Motherhood is exerting a tight grip on my consciousness these days. Many times lately I've faced the reality that I am no longer able to just get down on children's level and play with them. Why is this? Perhaps it's the three-year-old and the three-month-old, borne of my flesh and blood, who are always by my side or in my arms. Prior to my first daughter's birth, I thought that taking on the role of Mother would heighten my proclivity to facilitate and document play. With my very own guinea pigs at the ready, Sally Mann-style (but clothed), wouldn't I have many more prime opportunities? Perhaps. But three years later, I seem to mostly have a backlog of unedited footage of my first child (here's one exception), and in the three months since the birth of the second I have been grappling with the issue of not having time to even think, much less make good work. The shocking thing, as it goes against all my beliefs about the necessity of imaginative play, and the power of adult facilitation (a la Vygotsky), is that so often I do not want to play at all with my daughter; quite the contrary, I just want some time to myself. What bitter irony is this, that I have so much "work" to do surrounding the subject of Children's Play, that I cannot relax enough to simply play with my own daughter?
So as I bounce my three-month-old, declining invitations to climb onto the play equipment with my three-year-old, I'm secretly daydreaming of getting into the action, Little Creatures-style. My dreams are fueled by flashbacks to my pre-Mom days, when I was always at the ready, costumes and props in tow, camera and notebook in hand, prepared to facilitate an army of young people as they took on the world of squirrels, caterpillars, treasures buried in the grass and mysteries hidden in the trees. But would other parents find it awkward if we were standing around at the playground and I changed roles--Mommy to Play Facilitator? Perhaps not, as most of them know what I do . . . and anyway, aren't all mommies inherently play facilitators in some sense?
One dear friend and colleague (we met at Dartmouth and moved to the city together in 1999) who completely understands this strange balancing act is Rachel Federman, who blogs about motherhood and writing at Last American Childhood. I was having one of those days, where I just wanted to escape my motherhood and "talk about ideas," even before my second little creature came along . . . in March of 2011. Rachel and I, and our kids Magnolia and Wally, 2 and 3 at the time, had met up as we tried to do every week that year. This day we had met at Rachel's place in Chelsea, and we ventured into the yard next to her building complex. As always, getting Wally and "Memes" (Wally's sweet nickname for Magnolia) together was really only an excuse for Rachel and I to tend to our own friendship, which was suffering the distance of a river between us. So as much as both of us wanted to tune in to our respective children's development, and as much as we were interested in the way they played together, we mostly wanted have our own conversation "about ideas." Well, this was not to be: once outside, the children proceeded to scream in their high-pitched screams, and scurry about underfoot, pleading "Mommy, Mommy!" just enough for us to be reminded that our lives were not our own . . . not for a good long while. How to navigate this balance? Work and Play, Work about Play, and that strange phenomenon called Motherhood . . .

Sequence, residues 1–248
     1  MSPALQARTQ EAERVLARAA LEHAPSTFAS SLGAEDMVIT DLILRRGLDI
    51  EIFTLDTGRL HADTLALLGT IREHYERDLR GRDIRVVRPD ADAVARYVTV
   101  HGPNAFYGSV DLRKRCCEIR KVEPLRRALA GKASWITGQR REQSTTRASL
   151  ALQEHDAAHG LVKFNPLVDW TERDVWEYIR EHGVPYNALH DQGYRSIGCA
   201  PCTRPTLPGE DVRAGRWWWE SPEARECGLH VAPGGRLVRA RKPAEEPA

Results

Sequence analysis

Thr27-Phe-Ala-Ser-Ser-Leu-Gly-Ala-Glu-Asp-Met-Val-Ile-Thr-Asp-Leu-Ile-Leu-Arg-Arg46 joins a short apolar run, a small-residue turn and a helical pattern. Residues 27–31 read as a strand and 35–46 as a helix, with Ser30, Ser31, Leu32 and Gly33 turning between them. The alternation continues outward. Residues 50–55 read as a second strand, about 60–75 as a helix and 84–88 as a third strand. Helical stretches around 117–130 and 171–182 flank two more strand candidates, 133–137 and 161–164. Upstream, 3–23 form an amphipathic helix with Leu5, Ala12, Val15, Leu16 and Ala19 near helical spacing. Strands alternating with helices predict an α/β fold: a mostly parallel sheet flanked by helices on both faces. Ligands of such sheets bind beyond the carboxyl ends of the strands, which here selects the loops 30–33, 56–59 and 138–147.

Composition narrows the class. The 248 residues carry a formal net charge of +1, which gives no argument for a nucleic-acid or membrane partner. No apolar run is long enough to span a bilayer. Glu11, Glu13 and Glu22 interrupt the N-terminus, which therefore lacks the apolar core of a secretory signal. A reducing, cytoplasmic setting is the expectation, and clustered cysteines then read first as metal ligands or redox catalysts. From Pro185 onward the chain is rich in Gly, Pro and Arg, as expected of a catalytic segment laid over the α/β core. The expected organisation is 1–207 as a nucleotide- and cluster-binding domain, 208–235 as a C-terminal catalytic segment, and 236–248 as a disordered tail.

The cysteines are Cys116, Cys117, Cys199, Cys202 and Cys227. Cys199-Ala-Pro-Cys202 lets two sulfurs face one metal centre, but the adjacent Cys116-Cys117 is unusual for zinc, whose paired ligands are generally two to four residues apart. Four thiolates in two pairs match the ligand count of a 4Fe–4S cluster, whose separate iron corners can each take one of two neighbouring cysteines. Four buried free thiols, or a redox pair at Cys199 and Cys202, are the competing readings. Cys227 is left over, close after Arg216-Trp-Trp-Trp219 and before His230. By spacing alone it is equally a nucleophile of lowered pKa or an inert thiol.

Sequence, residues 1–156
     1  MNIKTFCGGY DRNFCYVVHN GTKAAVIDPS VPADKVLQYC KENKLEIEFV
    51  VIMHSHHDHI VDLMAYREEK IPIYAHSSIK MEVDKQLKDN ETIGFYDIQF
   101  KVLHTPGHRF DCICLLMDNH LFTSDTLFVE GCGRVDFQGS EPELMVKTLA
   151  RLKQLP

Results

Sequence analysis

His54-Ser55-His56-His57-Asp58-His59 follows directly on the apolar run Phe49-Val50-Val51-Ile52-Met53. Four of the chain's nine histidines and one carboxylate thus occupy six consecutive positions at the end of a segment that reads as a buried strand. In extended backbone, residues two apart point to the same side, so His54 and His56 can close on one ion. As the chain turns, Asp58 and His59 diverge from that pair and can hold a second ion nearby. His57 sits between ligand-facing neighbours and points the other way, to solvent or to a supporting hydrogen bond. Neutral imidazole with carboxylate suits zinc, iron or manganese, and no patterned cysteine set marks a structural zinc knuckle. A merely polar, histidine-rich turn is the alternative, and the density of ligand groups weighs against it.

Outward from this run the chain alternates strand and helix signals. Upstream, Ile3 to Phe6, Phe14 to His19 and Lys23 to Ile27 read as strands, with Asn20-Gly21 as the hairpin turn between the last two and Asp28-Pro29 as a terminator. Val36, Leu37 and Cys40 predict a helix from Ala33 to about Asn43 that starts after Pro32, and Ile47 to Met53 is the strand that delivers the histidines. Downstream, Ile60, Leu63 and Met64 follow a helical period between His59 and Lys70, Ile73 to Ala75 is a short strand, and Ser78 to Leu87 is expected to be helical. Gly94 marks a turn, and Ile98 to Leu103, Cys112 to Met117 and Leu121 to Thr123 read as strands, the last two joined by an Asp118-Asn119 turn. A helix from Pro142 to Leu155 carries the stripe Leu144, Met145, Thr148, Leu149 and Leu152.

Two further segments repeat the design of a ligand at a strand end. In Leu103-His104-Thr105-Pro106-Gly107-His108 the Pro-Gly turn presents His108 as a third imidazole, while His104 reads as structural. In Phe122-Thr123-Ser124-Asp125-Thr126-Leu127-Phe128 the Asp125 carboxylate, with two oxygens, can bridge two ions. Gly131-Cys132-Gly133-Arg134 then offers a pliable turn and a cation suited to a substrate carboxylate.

Somehow, some way, within that post-winter, almost-barren yard in Chelsea, the worlds of our two moms and two kids truly converged, and a magical investigation of seedpods, and a video, resulted. I shouldn't even use that word "result," as all that happened that day was a great big lesson in that elusive thing called Process. The process of our children seeing, touching, getting to know forms that come from the earth. The process of us seeing our children more fully. The process, for every one of us, of becoming human. Here is the video of that day.
Several things stand out: Whether or not Memes and Wally are cognizant of it, it is clear that they are on an adventure together. This investigation does not take them away from their their beloved mommies, but enables their separate toddler worlds to orbit around and cross over one another. Memes picks up seedpods and parts of seedpods, sweetly singing "dee dee dee dee dee . . ." She crumbles the pods between her fingers, and then says, "This is 'dee dee dee' . . . " Then as she walks out of the bushes, she sings her song: "going out of the bush to play in the room, something is coming, talking in the trees and the forest."
The most powerful thread running through the recorded memory of that day is Wally's repetition, "There's something inside." He states it again and again, as if surprised each time by this fact. There's something inside of that seedpod. A whole bunch of tiny fluffy seeds! As he speaks, his hands go up to the heavens, imparting these sacred words to all creatures standing or fluttering within earshot. The simplicity of this statement, its repetition, and the wonder with which Wally says it, makes for a beautiful representation of the young child who has taken a glimpse into life and beheld the gravity of the situation. The video has captured the moment wherein Wally discovered something magnificent that reaches beyond his comprehension, and that draws him in to want to know more.
|"There's something inside," Wally repeats, and that really says it all.|